First Chicago Corp. shares advanced on brisk volume Thursday after analyst Lawrence W. Cohn of PaineWebber Inc. raised his earnings estimate for the bank this year by 12%.
In late trading, First Chicago shares were up $1.125, or 2.6%, to $43.625.
Mr. Cohn, who has a "neutral" rating on the stock, cited strong second-quarter results as the reason he expects earnings of $6.05 a share this year instead of $5.40.
But the analyst said his 12-month price target of $45 a share does not provide enough upside potential to support a "buy" recommendation.
High of $50 Possible
Mr. Cohn said that the stock could trade as high as $50 if the market pushes up the [price-earnings] multiple based on the company's efforts to become more of a regional bank.
At present, he regards First Chicago as a money-center bank. As such, its stock should and does trade at about eight times core earnings which he estimated at $5.60 a share.
He said he was raising his estimate for this year to reflect much better than expected trading and venture-capital results. They were reported earlier this week when the bank unveiled its second-quarter results.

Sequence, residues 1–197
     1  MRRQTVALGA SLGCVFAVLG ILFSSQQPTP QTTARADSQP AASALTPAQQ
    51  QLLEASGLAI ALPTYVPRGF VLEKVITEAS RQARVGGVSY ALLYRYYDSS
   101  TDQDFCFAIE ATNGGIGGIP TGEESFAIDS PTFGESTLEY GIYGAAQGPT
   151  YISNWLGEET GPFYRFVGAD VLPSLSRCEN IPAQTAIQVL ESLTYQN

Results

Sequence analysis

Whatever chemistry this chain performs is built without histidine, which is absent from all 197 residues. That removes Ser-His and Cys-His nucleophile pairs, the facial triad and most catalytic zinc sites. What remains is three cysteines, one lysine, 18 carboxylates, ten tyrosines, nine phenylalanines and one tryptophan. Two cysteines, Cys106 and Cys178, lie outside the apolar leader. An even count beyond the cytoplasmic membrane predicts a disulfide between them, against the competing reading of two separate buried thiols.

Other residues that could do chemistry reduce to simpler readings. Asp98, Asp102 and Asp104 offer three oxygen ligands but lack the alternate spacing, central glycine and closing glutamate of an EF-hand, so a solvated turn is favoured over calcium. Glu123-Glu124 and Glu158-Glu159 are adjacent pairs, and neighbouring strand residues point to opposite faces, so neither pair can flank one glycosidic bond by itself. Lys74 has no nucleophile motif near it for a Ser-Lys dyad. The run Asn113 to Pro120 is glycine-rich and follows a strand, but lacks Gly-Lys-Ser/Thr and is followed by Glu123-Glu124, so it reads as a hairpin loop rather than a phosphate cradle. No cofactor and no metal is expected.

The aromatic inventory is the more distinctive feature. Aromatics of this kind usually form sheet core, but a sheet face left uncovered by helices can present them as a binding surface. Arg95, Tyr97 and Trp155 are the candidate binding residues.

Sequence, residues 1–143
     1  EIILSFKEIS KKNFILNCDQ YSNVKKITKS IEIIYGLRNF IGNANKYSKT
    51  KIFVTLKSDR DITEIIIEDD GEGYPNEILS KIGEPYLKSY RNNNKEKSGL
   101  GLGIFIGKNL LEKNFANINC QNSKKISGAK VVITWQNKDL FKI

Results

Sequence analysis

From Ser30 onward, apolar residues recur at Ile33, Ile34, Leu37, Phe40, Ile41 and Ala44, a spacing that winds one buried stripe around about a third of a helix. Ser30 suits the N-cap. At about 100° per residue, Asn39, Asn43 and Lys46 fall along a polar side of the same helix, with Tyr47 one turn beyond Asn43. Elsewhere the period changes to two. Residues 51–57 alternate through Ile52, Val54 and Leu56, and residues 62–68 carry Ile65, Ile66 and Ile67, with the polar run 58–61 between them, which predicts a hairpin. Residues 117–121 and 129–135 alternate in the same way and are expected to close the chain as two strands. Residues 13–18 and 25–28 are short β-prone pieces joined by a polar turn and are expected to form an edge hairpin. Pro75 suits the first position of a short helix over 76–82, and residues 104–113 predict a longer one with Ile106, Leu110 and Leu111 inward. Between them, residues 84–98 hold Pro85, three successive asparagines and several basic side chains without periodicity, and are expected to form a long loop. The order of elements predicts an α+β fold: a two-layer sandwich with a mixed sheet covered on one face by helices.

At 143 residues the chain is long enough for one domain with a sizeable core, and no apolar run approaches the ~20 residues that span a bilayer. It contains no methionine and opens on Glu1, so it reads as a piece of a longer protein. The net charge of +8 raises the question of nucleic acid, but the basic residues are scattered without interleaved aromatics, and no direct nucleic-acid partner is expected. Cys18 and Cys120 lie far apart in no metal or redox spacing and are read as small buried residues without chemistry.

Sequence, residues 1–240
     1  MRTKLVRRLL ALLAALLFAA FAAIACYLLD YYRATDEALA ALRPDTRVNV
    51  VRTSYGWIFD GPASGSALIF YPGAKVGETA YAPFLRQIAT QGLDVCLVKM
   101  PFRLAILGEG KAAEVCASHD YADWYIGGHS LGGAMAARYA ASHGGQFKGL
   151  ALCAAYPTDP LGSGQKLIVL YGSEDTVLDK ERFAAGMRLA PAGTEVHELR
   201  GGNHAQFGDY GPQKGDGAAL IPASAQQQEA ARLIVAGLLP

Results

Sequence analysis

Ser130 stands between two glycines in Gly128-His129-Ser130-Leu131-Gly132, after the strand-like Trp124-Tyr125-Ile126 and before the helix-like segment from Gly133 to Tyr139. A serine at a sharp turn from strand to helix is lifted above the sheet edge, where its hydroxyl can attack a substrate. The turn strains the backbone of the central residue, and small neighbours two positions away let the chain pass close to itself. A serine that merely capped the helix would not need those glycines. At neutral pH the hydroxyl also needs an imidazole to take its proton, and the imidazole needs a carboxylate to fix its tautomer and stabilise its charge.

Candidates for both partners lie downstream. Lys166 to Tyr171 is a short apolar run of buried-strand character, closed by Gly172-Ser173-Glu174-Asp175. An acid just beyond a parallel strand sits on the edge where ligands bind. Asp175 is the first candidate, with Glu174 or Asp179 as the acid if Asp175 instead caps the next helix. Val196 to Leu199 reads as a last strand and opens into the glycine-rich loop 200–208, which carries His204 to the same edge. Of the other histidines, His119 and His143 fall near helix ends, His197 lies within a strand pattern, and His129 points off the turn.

First Chicago said it earned $1.72 per fully diluted share in the quarter, up from 32 cents a year earlier and far ahead of Mr. Cohn's estimate of $1.15.
Mr. Cohn said second-quarter trading results "were exceptional at $92 million," compared with $37 million a year earlier and $54 million in the first quarter.
"The company has changed the management of its trading operation and adopted a somewhat more aggressive philosophy," he said.
The analyst said he "suspects trading results have moved to a new, higher plateau," but will await further results.
Mr. Cohn also said he was raising his estimate for First Chicago's 1994 earnings to $5.30 from $5 "to reflect a higher estimate of credit card fee income and lower loan-loss provisioning."
Credit card income improved to $164 million in the second quarter, be noted, up 40.2% from $117 million a year ago and up 11.6% from $147 million during the first quarter.
Increased securitization as well as higher merchant discount and interchange revenues helped card results, he said, and the bank has been running "an aggresive credit card solicitation program in recent months."
Nonperfoming assets actually rose to 1.9% of loans from 1.7% in the first quarter, but the analyst said he was "not concerned with this modest uptick."
First Chicago, he said, "is significantly overreserved," covering 222% of nonperforming assets.
Moreover, he noted, the bank is in the midst. of a major program for selling off lackluster real-estate-related assets.